As the days passed and the mountain became ever crueler, the migrants started leaving their belongings by the wayside; every gram of weight hurt. Then it started raining. The ground turned into sludge and the rivers into killers.
Even the trees and bushes joined in the cruelty, and soon there were more wounded than healthy. The group that arrived in Panama had been undone: nine of them had died on the way. Pascal had survived another test.
In Costa Rica
His arrival in Costa Rica coincided with that of thousands of African and Caribbean migrants hoping to reach the U.S. border and request asylum in that country.
During Pascal’s first weeks in Costa Rica, without understanding the language or how to begin the process of integration, the group of migrants grew rapidly.
Hunger, thirst, sun, rain, incomprehension, medical needs and the frustrations of thousands began to generate a heavy mood that mixed with the heat of Costa Rica’s Southern Zone and, later, of the northern canton of La Cruz.
As a response to the chaos, the Ministry of Governance and Police mobilized a team of volunteer interpreters to create an open line of communication with the foreigners. Meanwhile, the migrants organized themselves and elected a board of representatives that would direct the voice of the community with greater strength.
Pascal Hakizimana was designated as the contact with the Costa Rican government. Initially, he was in charge of explaining the basic needs of the group of migrants to officials from Costa Rican Immigration (DGME), the International Organization for Migration (IMO), the U.N. High Commissioner for Refugees (UNHCR), the Red Cross, and anyone else he was asked to speak with as a representative.
Once he had assured some small victories for his group, Pascal decided to tell the Costa Rican authorities about his desire to stay in the country, and he officially sought refugee status.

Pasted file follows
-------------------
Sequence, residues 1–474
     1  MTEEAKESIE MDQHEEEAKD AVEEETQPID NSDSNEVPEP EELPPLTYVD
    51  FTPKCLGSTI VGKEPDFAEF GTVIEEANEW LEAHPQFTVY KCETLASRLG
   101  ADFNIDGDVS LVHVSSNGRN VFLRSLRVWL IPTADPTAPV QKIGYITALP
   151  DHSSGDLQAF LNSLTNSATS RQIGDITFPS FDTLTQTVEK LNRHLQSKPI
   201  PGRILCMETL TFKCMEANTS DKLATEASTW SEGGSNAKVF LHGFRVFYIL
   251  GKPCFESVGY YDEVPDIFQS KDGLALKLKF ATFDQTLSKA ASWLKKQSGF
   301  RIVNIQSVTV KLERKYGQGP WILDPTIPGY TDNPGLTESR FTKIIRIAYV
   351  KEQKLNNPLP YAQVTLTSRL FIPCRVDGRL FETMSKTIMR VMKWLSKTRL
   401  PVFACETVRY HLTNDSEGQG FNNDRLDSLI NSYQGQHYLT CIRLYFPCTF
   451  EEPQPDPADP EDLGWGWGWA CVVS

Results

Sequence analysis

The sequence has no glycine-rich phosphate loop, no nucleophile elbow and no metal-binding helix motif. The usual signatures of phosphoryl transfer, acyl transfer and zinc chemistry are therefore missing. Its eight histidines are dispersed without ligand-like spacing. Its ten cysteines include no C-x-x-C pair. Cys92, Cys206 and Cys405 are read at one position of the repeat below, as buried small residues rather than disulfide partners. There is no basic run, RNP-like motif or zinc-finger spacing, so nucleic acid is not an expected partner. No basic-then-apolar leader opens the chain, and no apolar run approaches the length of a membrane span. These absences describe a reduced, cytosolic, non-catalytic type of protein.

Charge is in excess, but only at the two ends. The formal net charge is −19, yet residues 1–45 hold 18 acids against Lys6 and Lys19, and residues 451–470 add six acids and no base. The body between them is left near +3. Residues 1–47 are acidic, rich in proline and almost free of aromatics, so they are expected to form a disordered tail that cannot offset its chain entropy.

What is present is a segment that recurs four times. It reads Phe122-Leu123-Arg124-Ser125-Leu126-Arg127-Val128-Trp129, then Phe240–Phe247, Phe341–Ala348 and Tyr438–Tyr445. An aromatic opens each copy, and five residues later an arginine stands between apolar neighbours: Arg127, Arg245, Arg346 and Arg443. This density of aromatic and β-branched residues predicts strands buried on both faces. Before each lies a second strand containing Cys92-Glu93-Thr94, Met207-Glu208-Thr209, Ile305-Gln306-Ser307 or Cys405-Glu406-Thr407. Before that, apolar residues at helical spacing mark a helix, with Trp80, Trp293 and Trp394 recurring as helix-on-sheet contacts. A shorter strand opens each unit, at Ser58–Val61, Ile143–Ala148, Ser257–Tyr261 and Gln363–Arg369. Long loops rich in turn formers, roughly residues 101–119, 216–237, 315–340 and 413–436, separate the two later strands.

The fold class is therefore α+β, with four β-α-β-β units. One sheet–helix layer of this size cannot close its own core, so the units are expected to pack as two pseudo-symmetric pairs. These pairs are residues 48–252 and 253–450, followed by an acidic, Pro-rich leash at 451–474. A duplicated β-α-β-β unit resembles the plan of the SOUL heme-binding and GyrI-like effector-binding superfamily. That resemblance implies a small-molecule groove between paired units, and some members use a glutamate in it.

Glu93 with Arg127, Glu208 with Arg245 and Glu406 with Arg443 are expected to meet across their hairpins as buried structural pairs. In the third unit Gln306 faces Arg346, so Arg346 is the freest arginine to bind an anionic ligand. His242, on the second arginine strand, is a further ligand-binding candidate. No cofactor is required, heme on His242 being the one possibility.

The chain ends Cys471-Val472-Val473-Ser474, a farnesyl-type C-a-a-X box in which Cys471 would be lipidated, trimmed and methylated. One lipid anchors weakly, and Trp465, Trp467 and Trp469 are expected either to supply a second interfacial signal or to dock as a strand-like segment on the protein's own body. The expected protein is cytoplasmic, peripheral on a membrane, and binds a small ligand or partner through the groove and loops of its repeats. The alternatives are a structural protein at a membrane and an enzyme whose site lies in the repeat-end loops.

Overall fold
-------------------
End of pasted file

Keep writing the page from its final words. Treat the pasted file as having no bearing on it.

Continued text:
His request was accepted by the Government of Costa Rica on August 8th, four weeks after his arrival.
The process then changed. He didn’t speak for everyone; he spoke for himself.
His request got the attention of the UNHCR offices in San Jose, which called him in to document his case; Immigration referred him to the Association of International Consultants and Advisors (ACAI) to direct his legal case.
In launching this process, Pascal must now face a bureaucratic system that asks him to wait, day after day.
Once he was settled in San José, he began the long process of integration. First up: finding a Pentecostal church, a Christian denomination to which he had belonged since his infancy. He located one in eastern San José and attends every Sunday service faithfully, even though virtually no members speak English, French, Portuguese or Kirundi, and Pascal is just beginning to learn Spanish.
Even so, a family that attends the church allows Pascal to stay in their house so he can have some company as he waits for the government’s response.
Authorities have already given Pascal a temporary work permit, but after two months of searching and despite his experience as a teacher and educational administrator, Pascal still can’t find work.
He must wait up to 10 months for the final resolution of his request. If it’s approved, Pascal and his family will join approximately 4,000 people who live in Costa Rica as refugees, according to the UNHCR.